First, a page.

Dan shen appears to thin the blood by preventing platelet and blood clotting. It also
causes blood vessels to widen, and thus improve circulation. Because of its cooling
nature it is effective in clearing heat from the system and easing irritability.
So I had two herbs that I felt would be appropriate for this condition. The next herb that I
added to the formula was:
3. Chinese hawthorn berries/ crataegus pinnatifida/ rose family/shan zha
Properties: Sour, sweet, slightly warm
Channels: liver, stomach, digestive system
The hawthorn fruit is high in vitamin C and contains the same antioxidants that are found
in grapes. Hawthorn is often used in Chinese herbal medicine to aid digestive functions in
the human body, especially in helping in the digestion of protein. Hawthorn berries
promote the flow of spleen qi and removes stagnation of food in the stomach as well. It
lowers the blood pressure, and has shown to be useful in the prevention and treatment of
Other herbs that I considered were goji berries, and chrysanthemum flowers, bilberry,
and eyebright. As I was contemplating my formula I was still searching the internet for
info on my condition when I came across a formula called Celosia 10 from Seven
Forests herb company. It contained some of the herbs that I discussed previously plus
had other herbs that I had not considered.
Here is the formula:
Celosia, rehmannia, dan shen (red salvia root), red peony root, eclipta, tienchi ginseng,
sophora flower, chrysanthemum, goji fruit, and tang kuei.
4. Celosia Seed (qing xiang zi), feather cockscomb/ Celosia argentea L
Properties: Sweet/ cool
Channel entered: liver
According to the principles of traditional Chinese medicine, celosia seeds have sweet and
cool properties, and are associated with the Liver meridian. Celosia seeds drain liver fire
and clear wind which, in layman’s terms, basically means it cools the liver off and calms
the nervous system down. The main ingredient in celosia is celosiaol, a chemical that
dilates the pupil of the eye. Celosia seeds are used to treat eye-related disorders, such as
impaired vision, blurred vision, nebula (a white spot or opacity of the cornea), and red
and painful eyes; some practitioners use the seeds to treat hypertension. This herb I feel is
a specific for Retinal vein occlusion.
5. Rehmannia glutinosa/ Radix Rehmanniae Glutinosae Conquitae/ Chinese
Foxglove/Di huang
Properties: sweet, slightly warm.
Channels entered: Liver, Kidney, Heart.
Di Huang tonifies the Blood: used for Deficient Blood patterns with such symptoms as a
pallid face, dizziness, palpitations and insomnia. Also used for irregular menstruation,
uterine bleeding, and postpartum bleeding. It nourishes the Yin, the moistening aspect of
the body. It is used for kidney yin deficiency with such manifestations as night sweats,
nocturnal emissions, and Wasting and Thirsting syndrome. It helps to strengthen the
bones and tendons and to nourish the marrow. It is considered to be a tonic to the eyes
and ears. Raw rehmannia is said to be cooling to the blood and nourish the yin while the
“prepared” rehmannia is warms a person especially during the cold months and nourishes
the blood and yin.
6. Sophora Flower (huai hua) Flos Sophorae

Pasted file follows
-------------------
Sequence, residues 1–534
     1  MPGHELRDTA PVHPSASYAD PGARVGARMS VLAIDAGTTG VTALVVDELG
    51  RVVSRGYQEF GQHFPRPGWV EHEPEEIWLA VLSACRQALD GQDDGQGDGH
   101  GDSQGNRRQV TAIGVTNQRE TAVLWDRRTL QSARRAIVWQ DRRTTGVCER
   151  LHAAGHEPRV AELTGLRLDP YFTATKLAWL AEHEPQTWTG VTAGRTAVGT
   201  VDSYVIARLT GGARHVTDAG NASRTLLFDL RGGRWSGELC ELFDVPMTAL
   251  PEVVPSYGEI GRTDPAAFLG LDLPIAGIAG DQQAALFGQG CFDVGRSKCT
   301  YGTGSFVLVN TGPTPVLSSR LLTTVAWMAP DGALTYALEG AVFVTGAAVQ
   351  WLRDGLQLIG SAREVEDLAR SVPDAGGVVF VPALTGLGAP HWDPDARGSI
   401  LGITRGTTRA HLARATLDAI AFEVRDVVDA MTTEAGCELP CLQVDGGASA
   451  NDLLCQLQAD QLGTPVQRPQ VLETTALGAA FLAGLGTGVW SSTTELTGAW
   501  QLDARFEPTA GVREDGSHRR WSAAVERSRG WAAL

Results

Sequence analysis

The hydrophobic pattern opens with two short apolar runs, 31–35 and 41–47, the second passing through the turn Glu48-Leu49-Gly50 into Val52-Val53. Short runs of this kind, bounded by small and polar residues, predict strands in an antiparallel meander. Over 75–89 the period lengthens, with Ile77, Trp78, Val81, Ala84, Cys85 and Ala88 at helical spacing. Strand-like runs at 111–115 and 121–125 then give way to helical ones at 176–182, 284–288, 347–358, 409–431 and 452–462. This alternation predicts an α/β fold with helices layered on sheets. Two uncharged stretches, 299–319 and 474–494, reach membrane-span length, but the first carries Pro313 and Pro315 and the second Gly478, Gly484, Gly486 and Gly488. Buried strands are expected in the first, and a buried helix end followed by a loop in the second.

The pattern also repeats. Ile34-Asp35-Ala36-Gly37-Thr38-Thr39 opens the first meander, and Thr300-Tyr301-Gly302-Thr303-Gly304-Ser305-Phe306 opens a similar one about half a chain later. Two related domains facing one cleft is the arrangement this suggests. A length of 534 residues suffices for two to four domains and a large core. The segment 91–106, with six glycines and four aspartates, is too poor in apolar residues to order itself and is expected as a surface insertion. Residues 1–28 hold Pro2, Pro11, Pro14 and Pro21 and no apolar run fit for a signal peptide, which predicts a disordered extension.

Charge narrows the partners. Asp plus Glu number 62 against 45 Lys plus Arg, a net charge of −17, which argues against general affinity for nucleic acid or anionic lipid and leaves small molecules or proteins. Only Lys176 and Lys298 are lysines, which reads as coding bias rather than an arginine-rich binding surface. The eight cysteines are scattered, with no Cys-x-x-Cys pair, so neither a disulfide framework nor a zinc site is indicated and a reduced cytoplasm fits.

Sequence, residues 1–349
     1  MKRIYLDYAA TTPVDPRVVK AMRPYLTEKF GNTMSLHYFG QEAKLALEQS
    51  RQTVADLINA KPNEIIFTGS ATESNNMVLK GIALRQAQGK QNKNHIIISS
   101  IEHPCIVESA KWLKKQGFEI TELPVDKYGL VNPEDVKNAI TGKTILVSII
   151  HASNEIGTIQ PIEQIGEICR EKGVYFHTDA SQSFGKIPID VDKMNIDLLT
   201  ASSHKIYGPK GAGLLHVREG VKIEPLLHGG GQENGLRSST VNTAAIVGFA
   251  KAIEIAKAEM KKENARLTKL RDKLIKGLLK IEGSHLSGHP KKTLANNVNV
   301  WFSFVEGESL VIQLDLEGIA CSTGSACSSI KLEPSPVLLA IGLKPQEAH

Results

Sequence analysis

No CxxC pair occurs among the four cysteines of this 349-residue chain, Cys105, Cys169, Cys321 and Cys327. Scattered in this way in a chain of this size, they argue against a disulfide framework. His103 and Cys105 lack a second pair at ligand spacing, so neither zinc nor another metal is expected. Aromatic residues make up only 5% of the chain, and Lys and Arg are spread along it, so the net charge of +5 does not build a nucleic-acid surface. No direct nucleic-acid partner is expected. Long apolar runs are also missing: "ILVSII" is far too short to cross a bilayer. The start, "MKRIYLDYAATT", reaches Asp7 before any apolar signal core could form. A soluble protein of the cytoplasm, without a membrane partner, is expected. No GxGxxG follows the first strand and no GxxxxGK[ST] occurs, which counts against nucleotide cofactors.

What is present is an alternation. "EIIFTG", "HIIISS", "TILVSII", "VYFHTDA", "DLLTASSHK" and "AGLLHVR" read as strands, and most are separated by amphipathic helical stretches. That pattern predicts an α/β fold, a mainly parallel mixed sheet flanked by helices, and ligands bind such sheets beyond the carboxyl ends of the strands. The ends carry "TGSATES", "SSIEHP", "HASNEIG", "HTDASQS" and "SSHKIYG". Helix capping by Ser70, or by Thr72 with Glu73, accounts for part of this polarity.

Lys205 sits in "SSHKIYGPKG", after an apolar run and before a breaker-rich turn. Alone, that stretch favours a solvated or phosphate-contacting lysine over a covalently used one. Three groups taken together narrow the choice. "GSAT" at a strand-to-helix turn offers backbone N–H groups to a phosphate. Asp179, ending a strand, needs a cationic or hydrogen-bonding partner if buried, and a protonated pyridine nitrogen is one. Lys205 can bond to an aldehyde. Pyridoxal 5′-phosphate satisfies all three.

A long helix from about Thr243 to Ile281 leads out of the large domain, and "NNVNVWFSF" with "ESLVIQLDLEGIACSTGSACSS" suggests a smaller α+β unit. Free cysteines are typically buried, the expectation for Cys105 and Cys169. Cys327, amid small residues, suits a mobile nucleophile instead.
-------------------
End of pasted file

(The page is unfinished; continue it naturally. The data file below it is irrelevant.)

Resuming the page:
Properties: bitter and slightly cold
Channels: liver stomach and large intestines
Because this herb moves the excess heat down it helps clear heat from the liver and large
intestine, and from the blood thus helps stop bleeding. It is cooling to the liver and helps
to improve eyesight. It is indicated for bleeding due to blood-heat, conjunctivitis
(inflammation of the mucous membrane that lines the inner surface of the eyelid and the
exposed surface of the eyeball.) and for bleeding hemmorhoids.
7. Red Peony root/ chi shao/ radix paeoniae rubra
Properties: Bitter in flavour, slightly cold in nature
Channels: primarily the liver
Its cold property has the function of removing heat from the blood, promoting blood
circulation and purging fire from the liver. It is indicated for blood-heat, blood stasis and
the syndromes caused by liver-fire. By removing pathogenic fire from the blood it
dissipates blood stasis as well as relieves pain. It can be combined with other herbs for
clearing heat to cool the blood such as rehmannia root or with herbs that promote blood
circulation and relieving blood stasis such as Chinese lovage root (chuan xiong), tienchi
ginseng, and Tang quai (Angelica sinensis).
8. Chrysanthemum flowers/ flos chrysanthemi)/ Ju Hua
Properties: bitter, sweet and slightly cold
Channels: Liver and Lung channels.
Yellow Chrysanthemum has a beneficial action on headache and eye complaints. It has
long been used as an eye tonic and can help relieve red, painful, dryness or excessive
watering of the eyes. It is also used for blurry vision, dizziness and spots / floaters in
front of the eyes. Chrysanthemum combined with Goji berry (Gou Qi Zi) and the
Rehmania Six combination to make a great formula called Qi Ju Di Huang Wan.
Chrysanthemum is also used to clear headaches and fever associated with colds and flu.
Its actions are antibacterial, antifungal, antiviral and anti-inflammatory. It also may help
lower blood pressure and relaxes blood vessels.
Ju hua cha - chrysanthemum flower tea is commonly consumed in China almost as much
as green tea, due both to its medicinal effects and its excellent taste!
9. Goji berries / Lycium chinensis/ Gou Qi Zi
Properties: Neutral, sweet
Channels: Liver, Kidney, Lung
Blood tonic
This fruit is known in Chinese medicine to be a great tonic for the liver and the blood.
Goji berries increase vitality and brighten the eyes, especially improving night vision. It
also calms the heart and nervous system. I’ve added it to my soups for years and have
added it to many of my herbal formulas. Because of its nourishing nature to the kidneys
and liver, it helps with blurred vision, dizziness pertaining to old age, diabetes, fatigue,
loss of blood or anemia, and fluctuating weight. For dizziness and blurred vision you can
make put one hand full of goji berries with two handfuls of dried chrysanthemum flowers
into three cups of boiling water and let simmer with the lid on for 15 minutes. Drink two
or three cups or more per day.